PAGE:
Fandom history and engagement patterns (Francesco D'Orazio, Face)


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What is fandom, where does it come from, what does it mean to be a fan? how fan have been engaging with the stuff they love? And what could marketing learn from the history of fandom?

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  • In 1893, Sir Arthur Conan Doyle killed off Sherlock Holmes – a character he had been writing about with great success since 1887’s A STUDY IN SCARLET – in a story called “The Adventure of the Final Problem.” Conan Doyle reportedly felt that the Holmes stories were keeping him from accomplishing more important work, so his solution (ironically) was “The Final Problem.”
  • something similar happened in 1968 when NBC announced plans to cancel 'Star Trek’
  • something similar happened in 1968 when NBC announced plans to cancel 'Star Trek’
  • something similar happened in 1968 when NBC announced plans to cancel 'Star Trek’
  • Merriam-Webster, the Oxford dictionary and other recognized sources define it as (.. The word originally pertained to a temple or sacred place [Latin fanum, poetic English fane]. The modern sense of "extremely zealous" dates from around 1647; the use of fanatic as a noun dates from 1650.) However, the term "fancy" for an intense liking of something, while being of a different etymology, coincidentally carries a less intense but somewhat similar connotation to "fanatic". The word emerged as an Americanism around 1889.
  • As you can say “I am a fan of x” you’re saying something rich and distinctive about yourself very quickly. It happens the same with brands, so your role is to facilitate and foster this identification as a first level of co-creation with your consumers.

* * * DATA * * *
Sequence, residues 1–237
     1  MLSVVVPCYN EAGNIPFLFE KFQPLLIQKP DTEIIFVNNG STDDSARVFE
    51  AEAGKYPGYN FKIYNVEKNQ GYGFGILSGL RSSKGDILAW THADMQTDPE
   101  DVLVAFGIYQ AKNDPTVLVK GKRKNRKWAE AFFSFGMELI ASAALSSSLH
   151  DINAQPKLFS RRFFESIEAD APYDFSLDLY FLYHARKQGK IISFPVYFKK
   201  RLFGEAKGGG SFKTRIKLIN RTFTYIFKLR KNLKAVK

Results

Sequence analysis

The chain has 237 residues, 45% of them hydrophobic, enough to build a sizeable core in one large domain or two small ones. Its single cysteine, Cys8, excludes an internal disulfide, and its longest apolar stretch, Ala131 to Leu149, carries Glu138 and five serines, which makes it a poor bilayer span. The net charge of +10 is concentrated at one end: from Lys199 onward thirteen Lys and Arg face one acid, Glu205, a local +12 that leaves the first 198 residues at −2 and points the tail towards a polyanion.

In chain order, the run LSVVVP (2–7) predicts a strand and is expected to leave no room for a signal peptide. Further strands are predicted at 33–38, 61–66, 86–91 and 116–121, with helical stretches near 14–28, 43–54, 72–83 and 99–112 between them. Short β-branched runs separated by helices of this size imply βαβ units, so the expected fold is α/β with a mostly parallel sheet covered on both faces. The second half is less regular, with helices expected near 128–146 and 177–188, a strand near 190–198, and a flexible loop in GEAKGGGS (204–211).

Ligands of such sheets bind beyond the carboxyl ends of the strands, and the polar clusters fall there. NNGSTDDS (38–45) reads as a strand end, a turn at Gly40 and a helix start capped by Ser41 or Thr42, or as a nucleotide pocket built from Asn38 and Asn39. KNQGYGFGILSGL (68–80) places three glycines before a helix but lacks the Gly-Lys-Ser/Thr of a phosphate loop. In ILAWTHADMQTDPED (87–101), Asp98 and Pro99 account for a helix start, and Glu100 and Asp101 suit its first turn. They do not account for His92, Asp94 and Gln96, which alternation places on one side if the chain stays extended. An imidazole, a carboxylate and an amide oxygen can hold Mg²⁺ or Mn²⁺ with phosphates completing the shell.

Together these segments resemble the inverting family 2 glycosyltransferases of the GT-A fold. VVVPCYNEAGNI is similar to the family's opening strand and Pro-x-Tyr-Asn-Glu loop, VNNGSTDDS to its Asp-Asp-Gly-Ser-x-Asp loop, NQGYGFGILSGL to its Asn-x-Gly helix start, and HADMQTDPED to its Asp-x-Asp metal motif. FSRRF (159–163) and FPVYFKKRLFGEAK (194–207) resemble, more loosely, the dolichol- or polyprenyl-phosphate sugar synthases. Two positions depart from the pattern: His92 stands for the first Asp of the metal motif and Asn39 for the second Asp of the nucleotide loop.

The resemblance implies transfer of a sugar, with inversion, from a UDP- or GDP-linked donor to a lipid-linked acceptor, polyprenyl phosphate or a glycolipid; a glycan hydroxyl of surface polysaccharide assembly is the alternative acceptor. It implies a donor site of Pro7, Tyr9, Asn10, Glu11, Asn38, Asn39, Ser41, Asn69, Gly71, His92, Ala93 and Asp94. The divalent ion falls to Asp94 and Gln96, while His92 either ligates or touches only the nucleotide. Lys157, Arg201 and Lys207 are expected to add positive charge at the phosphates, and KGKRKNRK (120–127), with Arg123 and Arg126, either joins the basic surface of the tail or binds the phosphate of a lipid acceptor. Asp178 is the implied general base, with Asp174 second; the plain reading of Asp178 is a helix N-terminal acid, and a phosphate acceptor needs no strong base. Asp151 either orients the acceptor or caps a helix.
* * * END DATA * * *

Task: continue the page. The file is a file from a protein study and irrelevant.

• That’s why your consumers should be the first to know all the details about what you’re doing and why you’re doing it. Engage them in networks of brand insiders and they will become your most efficient advocates.
  • Bring your consumers on board when it comes to innovate, provide them with the right tools to play with your brand and re-use it in creative ways, help them make the brand a part of their daily lives.
  • Well, you still actually own it, but you don’t get to decide exactly how it’s going to be used and what are the meanings that will be associated to it.
  • Fandom history and engagement patterns (Francesco D'Orazio, Face)

    1. Hello. Let’s start with a murder francesco d’orazio - @abc3d
    2. 1893 : Sir Arthur Conan Doyle decided to kill Sherlock Holmes just ten years after its birth...
    3. army of mourning fans wearing black armbands took to the streets of London to show him how disappointed they were. ...but they didn’t stop there. They started writing Sherlock Holmes adventures themselves, giving birth to the first co-created product: fan-fiction.
    4. 1968 : NBC plans to axe 'Star Trek’
    5. 2010 : BBC to axe ’6Music’
    6. 2010 : BBC to axe ’6Music’
    7. ...a shortened version of the word fanatic , and the word did first become popular in reference to an enthusiastic follower of a baseball team. Merriam-Webster Fanatic itself, introduced into English around 1550, means "marked by excessive enthusiasm and often intense uncritical devotion " It comes from the Modern Latin fanaticus, meaning "insanely but divinely inspired " and inspiration leads to creation...
    8. the 5 engagement patterns in fandom from Engagement 1.0 - Ivan Askwith - sxsw 2009
    9. identification fandom is a quick way for fans to express things about themselves and their identity.
    10. mastery passionate fans know everything about your brand and your products so they are a natural vehicle for delivering the full meaning and symbolic universe behind your brand.
    11. production they like to have a say in the building of the brand and like to create their own version of it
    12. participation they want to be part of the brand narrative
    13. appropriation once your product is out into the world, you don’t really own it anymore. Remix and alterations are key to appropriation and endorsement, so make sure your brand is flexible enough to support it.
    14. engaging fan bases is not about feeding passive lunies, but about giving them the motivation and the tools to do stuff with your brand
    15. how can we implement these 5 engagement patterns in the marketing space?